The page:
Why You Should Move to NYC- Networking

 

Some call it The Big Apple, some call it The City That Never Sleeps, and over 8 million people call it home. New York City is arguably the most diverse and largest city in America. Although the opportunities are endless here, some people may be discouraged by the thought of moving to a place like this. Nevertheless, no matter where you come from, you can connect with this city one way or another. If you’re thinking of coming to NYC for school, a new job, or to try the best bagels in the world, I’ve compiled reasons and tips for why you should make the move.

My name is Michael and I’m an intern here at Open Systems Technologies. Five years ago I made the difficult decision to attend college in New York City, 3000 miles from my home state of California. I’ve been in your position before and know what it’s like to wonder what it would be like to move here. After living in Queens for 5 years, every other person I meet is from a different part of the world. Some are foreign exchange students, some are here on business, and some are visiting from other states. In NYC you’re bound to have encounters with a remarkable range of individuals with unique backgrounds. I’ve attended countless career fairs and worked at both small and massive companies. “Why You Should Move to NYC” is a 4-part blog series where I’ll be giving you advice on what to expect if you’re looking to start your career in New York. I’m also going to provide you with answers to questions I had before moving across the country. In a city of 8 million citizens, it can be difficult finding meaningful business connections. In this installment of “Why You Should Move to NYC” I’ll be sharing what I’ve learned about building your network in the capital of the world.

Networking events, meetups, conferences, and career fairs are helpful for meeting like-minded individuals who can broaden your perspective and open up more opportunities. New York’s strong tech community provides an astounding amount of events to learn or network at. Whether you’re looking to sharpen your JavaScript skills or go to NYC’s biggest tech startup networking mixer, there are multiple resources you can use to find what suits your needs best. LinkedIn and your school’s career board are great for finding meetups within your immediate network. If you’re a recent graduate, websites such as www.builtinnyc.com and www.garysguide.com provide hundreds of upcoming options. Events such as “API Gateways in Microservice Architectures” and “Data Disrupt 2018 – Financial Services” are just a couple examples of the niche events available for you to attend.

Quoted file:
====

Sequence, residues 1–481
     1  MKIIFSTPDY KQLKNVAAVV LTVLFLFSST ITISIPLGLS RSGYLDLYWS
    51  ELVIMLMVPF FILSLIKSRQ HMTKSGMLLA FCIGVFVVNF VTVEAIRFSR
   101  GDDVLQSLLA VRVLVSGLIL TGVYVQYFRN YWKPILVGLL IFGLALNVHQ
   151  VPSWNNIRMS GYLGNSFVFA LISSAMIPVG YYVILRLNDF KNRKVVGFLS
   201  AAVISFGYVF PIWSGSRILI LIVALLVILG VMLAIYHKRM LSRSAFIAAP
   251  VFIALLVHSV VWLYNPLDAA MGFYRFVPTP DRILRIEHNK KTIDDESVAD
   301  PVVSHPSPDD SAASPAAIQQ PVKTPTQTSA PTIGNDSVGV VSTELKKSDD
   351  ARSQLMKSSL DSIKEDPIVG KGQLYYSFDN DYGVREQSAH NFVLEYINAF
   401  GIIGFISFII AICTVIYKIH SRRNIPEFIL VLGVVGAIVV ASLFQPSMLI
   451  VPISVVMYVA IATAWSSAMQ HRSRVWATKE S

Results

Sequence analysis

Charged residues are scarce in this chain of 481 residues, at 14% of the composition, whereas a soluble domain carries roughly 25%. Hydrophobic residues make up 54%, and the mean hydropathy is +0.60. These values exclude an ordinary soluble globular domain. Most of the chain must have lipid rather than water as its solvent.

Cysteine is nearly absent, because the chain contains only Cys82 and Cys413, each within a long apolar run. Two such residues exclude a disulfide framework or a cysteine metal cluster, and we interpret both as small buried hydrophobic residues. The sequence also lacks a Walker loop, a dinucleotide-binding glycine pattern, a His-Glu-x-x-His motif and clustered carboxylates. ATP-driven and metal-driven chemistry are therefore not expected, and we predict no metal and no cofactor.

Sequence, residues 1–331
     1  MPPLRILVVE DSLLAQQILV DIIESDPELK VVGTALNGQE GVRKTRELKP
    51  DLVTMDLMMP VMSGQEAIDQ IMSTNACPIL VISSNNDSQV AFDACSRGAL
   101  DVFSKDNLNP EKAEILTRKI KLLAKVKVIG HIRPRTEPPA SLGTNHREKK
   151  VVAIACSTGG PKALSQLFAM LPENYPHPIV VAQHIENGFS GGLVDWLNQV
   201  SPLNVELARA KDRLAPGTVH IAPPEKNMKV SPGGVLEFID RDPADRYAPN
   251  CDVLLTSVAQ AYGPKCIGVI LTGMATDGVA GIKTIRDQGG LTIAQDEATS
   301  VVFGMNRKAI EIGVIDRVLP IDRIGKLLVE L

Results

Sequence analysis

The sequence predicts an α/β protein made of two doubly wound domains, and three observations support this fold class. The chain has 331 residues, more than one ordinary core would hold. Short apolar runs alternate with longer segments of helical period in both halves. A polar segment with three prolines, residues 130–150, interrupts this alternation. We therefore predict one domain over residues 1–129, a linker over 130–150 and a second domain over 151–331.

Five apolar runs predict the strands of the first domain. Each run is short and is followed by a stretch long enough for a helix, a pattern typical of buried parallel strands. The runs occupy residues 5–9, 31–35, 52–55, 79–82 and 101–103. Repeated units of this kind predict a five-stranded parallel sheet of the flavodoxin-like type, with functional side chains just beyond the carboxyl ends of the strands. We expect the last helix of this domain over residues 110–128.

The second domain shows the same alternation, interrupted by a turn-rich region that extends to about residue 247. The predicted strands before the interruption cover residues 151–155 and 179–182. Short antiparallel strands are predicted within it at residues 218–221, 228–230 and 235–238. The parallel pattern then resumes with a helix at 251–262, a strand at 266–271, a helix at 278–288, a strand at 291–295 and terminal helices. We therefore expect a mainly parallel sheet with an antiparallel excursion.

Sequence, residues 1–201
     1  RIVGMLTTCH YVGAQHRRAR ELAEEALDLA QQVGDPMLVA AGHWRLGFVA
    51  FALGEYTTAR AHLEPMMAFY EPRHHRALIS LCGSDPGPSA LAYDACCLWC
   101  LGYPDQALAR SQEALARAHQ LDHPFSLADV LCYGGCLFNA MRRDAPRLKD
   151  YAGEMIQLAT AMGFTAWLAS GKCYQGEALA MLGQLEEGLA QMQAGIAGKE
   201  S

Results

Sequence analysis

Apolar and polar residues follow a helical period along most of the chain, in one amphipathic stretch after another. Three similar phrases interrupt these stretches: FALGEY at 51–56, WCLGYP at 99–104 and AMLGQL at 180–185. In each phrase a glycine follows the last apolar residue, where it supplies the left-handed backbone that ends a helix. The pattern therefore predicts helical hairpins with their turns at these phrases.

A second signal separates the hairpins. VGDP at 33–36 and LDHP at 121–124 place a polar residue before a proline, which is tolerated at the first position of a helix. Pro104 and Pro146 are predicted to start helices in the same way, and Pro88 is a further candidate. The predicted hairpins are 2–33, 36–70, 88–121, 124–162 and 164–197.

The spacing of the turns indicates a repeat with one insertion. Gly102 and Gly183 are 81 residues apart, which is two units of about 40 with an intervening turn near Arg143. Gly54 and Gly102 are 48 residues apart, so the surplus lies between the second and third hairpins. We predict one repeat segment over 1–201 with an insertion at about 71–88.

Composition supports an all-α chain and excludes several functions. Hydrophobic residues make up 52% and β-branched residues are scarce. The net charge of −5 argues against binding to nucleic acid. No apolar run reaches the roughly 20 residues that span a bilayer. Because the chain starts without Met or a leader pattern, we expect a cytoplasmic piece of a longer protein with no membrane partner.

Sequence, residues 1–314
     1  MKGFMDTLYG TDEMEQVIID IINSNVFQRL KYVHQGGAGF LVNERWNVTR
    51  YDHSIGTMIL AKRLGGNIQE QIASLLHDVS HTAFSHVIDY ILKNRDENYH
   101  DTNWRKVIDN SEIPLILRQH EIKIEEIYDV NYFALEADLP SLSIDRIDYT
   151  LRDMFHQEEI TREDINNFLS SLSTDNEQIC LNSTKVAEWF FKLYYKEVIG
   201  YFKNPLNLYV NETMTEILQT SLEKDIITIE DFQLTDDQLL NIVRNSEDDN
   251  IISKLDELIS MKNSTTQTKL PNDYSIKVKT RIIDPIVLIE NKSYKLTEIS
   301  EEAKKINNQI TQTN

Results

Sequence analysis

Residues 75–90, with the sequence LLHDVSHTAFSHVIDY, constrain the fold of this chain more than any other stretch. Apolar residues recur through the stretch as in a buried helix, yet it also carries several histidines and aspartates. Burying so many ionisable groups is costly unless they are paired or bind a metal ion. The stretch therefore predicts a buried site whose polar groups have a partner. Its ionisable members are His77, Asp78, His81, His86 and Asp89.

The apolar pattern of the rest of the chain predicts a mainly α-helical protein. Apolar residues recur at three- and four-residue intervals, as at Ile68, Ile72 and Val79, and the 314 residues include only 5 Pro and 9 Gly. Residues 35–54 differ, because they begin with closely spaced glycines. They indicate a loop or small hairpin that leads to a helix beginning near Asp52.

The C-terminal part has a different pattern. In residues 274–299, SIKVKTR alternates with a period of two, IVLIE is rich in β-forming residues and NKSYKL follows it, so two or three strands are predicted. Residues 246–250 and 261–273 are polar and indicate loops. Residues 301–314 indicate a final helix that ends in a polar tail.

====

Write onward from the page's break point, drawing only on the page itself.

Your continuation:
Once you’ve successfully made it into your dream firm, the networking never stops. While there are countless opportunities to meet new people, one of the easiest ways to fraternize within a firm is through diversity networks. You’d be hard pressed to find a major company that doesn’t have a diversity program to support and cultivate their employee’s varying backgrounds. Take for example Goldman Sachs. They have over 80 support/networking groups for communities such as firm-wide Black, Latino, and Asian networks and Working Parent forums. These companies value their employees and recognize the importance of fostering their beliefs and cultures. What does this mean for you? Being able to associate with employees across divisions means not only a stronger community, but possibly further professional development. Find out what companies you would feel valued at. Some examples of these programs can be found at www.goldmansachs.com/who-we-are and www.citigroup.com/citi/diversity.

TIP: Prepare for a career fair or networking event by researching what companies will be there. Develop very specific questions such as what they do for community service or about a new merger they’re overseeing. While it’s important to know what skills they’re looking for or what programming languages they use, these are the same questions that hundreds of other candidates are asking. Set yourself apart with unique questions and use those as talking points in your follow-up correspondence.

TIP: If you’re at a job fair, speak to random companies to “warm up” before engaging with the companies you’re interested in. I find that this calms my nerves and helps me practice talking about myself and my resume.

Despite NYC’s population, you’re bound to find someone with the same interests as you, no matter how narrow they are. You may end up connecting with a peer who knows more about a programming language you want to learn. Alternatively, you might end up connecting with a manager who is hiring candidates with your skill set. It’s all up to you to go out there and start shaking hands. I’m a very introverted person. However, I would have never seen success if I shied away from meeting new people. If you’re like me and get nervous talking to new people, you’ll never get over it unless you get out there and just do it. Practice makes perfect.

If you’re interested in networking with people who know how to strengthen your job candidacy and connect you with decision makers, start by visiting www.opensystemstech.com/jobs-search. Also, stay tuned for part 3 of “Why You Should Move to NYC” It will build upon today’s lesson of building your network by covering how to stand out amongst your peers.

 

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